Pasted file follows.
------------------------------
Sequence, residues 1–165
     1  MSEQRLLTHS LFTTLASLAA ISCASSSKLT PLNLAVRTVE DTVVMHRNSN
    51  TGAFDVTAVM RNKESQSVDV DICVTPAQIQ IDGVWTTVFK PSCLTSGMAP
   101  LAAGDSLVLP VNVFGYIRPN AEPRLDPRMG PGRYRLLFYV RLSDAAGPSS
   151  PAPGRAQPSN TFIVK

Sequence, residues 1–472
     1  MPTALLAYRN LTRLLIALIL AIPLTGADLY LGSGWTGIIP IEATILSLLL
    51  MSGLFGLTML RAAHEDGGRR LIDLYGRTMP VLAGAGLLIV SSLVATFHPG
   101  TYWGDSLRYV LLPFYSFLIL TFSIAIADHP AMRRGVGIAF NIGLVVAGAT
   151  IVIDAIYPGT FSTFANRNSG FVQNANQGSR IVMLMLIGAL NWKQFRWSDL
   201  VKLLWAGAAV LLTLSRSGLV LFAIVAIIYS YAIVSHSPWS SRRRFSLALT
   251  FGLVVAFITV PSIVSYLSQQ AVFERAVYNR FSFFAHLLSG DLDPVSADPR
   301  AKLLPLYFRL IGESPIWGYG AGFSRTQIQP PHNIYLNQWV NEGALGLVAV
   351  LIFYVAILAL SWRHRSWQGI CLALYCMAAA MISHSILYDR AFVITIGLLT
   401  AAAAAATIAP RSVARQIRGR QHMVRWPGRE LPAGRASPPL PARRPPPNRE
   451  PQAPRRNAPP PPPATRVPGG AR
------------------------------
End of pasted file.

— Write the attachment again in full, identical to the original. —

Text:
Sequence, residues 1–165
     1  MSEQRLLTHS LFTTLASLAA ISCASSSKLT PLNLAVRTVE DTVVMHRNSN
    51  TGAFDVTAVM RNKESQSVDV DICVTPAQIQ IDGVWTTVFK PSCLTSGMAP
   101  LAAGDSLVLP VNVFGYIRPN AEPRLDPRMG PGRYRLLFYV RLSDAAGPSS
   151  PAPGRAQPSN TFIVK

Sequence, residues 1–472
     1  MPTALLAYRN LTRLLIALIL AIPLTGADLY LGSGWTGIIP IEATILSLLL
    51  MSGLFGLTML RAAHEDGGRR LIDLYGRTMP VLAGAGLLIV SSLVATFHPG
   101  TYWGDSLRYV LLPFYSFLIL TFSIAIADHP AMRRGVGIAF NIGLVVAGAT
   151  IVIDAIYPGT FSTFANRNSG FVQNANQGSR IVMLMLIGAL NWKQFRWSDL
   201  VKLLWAGAAV LLTLSRSGLV LFAIVAIIYS YAIVSHSPWS SRRRFSLALT
   251  FGLVVAFITV PSIVSYLSQQ AVFERAVYNR FSFFAHLLSG DLDPVSADPR
   301  AKLLPLYFRL IGESPIWGYG AGFSRTQIQP PHNIYLNQWV NEGALGLVAV
   351  LIFYVAILAL SWRHRSWQGI CLALYCMAAA MISHSILYDR AFVITIGLLT
   401  AAAAAATIAP RSVARQIRGR QHMVRWPGRE LPAGRASPPL PARRPPPNRE
   451  PQAPRRNAPP PPPATRVPGG AR